As good as Carrey and Winslet are, the supporting roles are well-played as well and, as in all great movies, they give the impression of a world that existed before the movie started and one that will continue after the end credits. I especially loved the performances of the Lacuna Staff, from Tom Wilkinson’s bland yet intimidating doctor to the creepy geekiness of Elijah Wood. Mark Ruffalo and Kisten Dunst have a few great scenes where they’re partying the night away in Joel’s apartment while Joel’s memory is slowly erased. The sight of a very hairy Ruffalo and a very giggly Dunst dancing in their matching panties pretty much epitomizes “geek love” for me. I know that some people have complained that the scenes with Ruffalo and Dunst seemed out-of-place when compared to the ones between Carrey and Winslet but actually, I love the chemistry between Ruffalo and Dunst. Even playing one of the nerdiest characters ever, Mark Ruffalo is still hot. As for Dunst, she’s basically playing the same character that she always plays. (As my friend Jeff recently put it, “Kirsten Dunst In Her Underwear” is as much of a film genre as drama, comedy, and science fiction.) But I’ve always thought that she’s a likable enough actress (plus, by going red for Spiderman, she also indirectly helped this redhead’s social life) and she actually provides a nice (if surprising) moral center for Eternal Sunshine.
(Also, I’ll admit right now that if my boyfriend had a job that allowed him to hang out into a different stranger’s apartment every night, I’d probably sneak over and dance around in my underwear as well.)
It took me a while and a handful of viewings to really appreciate Eternal Sunshine of the Spotless Mind. When I first saw it, I thought it was a strange film. I liked it but I never expected that it would become one of my favorite movies. However, with each viewing, I find myself relating to and loving this film just a little bit more. So, thank you to everyone who voted in my poll and who gave me a chance to fall in love with this film all over again.
Here’s how it works. Earlier today, I put on a blindfold and then I randomly groped through my DVD collection until I had managed to pull out ten movies. I then promptly stubbed my big toe on the coffee table, fell down to the floor, and spent about 15 minutes cursing and crying. Because, seriously, it hurt! Anyway, I then took off the blindfold and looked over the 10 movies I had randomly selected. Two of them — Dracula A.D. 1972 and A Blade in the Dark — were movies that I had already reviewed on this site. So I put them back and I replaced them with two movies of my own choosing — in this case, Eternal Sunshine of the Spotless Mind and The Unbearable Lightness of Being.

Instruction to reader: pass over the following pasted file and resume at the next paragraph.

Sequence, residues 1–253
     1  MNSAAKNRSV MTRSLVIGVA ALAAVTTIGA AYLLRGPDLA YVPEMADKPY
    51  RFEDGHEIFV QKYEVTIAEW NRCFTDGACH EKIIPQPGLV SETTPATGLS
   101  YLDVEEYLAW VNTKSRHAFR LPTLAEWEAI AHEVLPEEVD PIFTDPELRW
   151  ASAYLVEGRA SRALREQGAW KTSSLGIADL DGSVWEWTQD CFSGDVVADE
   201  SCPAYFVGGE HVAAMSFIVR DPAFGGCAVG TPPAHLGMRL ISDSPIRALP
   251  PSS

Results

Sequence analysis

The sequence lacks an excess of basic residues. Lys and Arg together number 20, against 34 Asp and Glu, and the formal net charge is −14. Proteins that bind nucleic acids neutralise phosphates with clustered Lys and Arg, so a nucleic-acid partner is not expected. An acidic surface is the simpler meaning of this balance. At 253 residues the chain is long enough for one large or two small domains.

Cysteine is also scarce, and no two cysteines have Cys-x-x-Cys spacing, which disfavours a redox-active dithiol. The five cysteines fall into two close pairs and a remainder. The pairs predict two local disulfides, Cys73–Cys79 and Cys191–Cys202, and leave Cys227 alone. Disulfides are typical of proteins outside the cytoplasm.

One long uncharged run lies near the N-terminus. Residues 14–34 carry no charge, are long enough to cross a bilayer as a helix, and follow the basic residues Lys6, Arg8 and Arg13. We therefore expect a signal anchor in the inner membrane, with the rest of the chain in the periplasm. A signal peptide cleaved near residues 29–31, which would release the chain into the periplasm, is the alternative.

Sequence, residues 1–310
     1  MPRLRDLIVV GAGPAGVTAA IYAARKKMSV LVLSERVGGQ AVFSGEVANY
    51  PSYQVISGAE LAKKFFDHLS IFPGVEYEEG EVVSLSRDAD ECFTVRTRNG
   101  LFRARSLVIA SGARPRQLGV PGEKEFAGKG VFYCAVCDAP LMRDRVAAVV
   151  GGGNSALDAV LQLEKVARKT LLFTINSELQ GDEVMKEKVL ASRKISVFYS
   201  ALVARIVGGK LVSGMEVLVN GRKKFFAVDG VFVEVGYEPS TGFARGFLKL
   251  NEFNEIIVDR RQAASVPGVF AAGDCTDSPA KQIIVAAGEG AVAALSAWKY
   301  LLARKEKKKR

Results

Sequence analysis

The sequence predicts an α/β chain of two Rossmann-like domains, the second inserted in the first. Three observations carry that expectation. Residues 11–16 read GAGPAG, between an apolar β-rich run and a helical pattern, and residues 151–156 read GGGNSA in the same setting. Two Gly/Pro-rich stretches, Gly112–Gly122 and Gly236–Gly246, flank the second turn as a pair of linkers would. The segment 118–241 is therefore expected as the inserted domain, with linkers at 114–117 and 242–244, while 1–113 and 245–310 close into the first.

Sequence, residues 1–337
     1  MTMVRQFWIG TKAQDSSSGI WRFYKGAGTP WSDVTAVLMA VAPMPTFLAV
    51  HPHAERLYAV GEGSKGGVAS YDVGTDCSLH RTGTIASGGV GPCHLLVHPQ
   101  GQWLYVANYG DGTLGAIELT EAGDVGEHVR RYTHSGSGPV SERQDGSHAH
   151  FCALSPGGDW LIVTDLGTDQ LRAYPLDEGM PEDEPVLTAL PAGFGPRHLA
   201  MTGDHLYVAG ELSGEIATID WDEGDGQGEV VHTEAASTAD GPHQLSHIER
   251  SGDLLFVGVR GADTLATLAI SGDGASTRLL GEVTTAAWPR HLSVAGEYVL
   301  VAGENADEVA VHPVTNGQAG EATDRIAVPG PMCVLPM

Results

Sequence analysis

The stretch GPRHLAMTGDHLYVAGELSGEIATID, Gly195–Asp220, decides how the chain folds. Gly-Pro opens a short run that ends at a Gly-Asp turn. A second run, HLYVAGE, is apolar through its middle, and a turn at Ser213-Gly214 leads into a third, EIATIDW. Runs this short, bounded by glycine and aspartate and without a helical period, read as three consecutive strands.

Between now and next Sunday (March 27th), people will hopefully vote in this poll. On Sunday, I will watch and review whichever movie has received the most votes. Even if that movie turns out to be Incubus. *shudder* (Have I mentioned how much I love Eternal Sunshine of the Spotless Mind?)
Now, of course, there’s always the possibility that no one will vote in this poll and I’ll end up looking silly. Those are the risks you take when you set up an online poll. However, I have a backup plan. If nobody votes, I will just spend every day next week shopping for purses at Northpark Mall and then blogging about it. And by that, I mean blogging every single little detail. So, it’s a win-win for me.
Anyway, here’s the list of the 10 films:
1) Barbarella— From 1968, Jane Fonda plays Barbarella who flies around space while getting molested by …. well, everyone. Directed by Roger Vadim.
2) Barry Lyndon — From 1975, this best picture nominee is director Stanley Kubrick’s legendary recreation of 18th-century Europe and the rogues who live there.
3) Caligula — Yes, that Caligula. From 1979, it’s time for decadence, blood, and nudity in the Roman Empire. Starring Malcolm McDowell, Helen Mirren, Peter O’Toole, John Gielgud, John Steiner, and Theresa Ann Savoy.
4) Eternal Sunshine of the Spotless Mind — Oh my God, I love this movie. Jim Carrey breaks up with Kate Winslet and deals with the pain by getting his mind erased by Tom Wilkinson, Mark Ruffalo, Kirsten Dunst, and an amazingly creepy Elijah Wood.
5) Incubus — From 1969, this low-budget supernatural thriller not only stars a young William Shatner but it also features the entire cast speaking in Esperanto. For. The. Entire. Movie.
6) Inland Empire — If you want to give Lisa nightmares, you can vote for David Lynch’s disturbing 3-hour film about lost identity, sexual repression, human trafficking, and talking rabbits.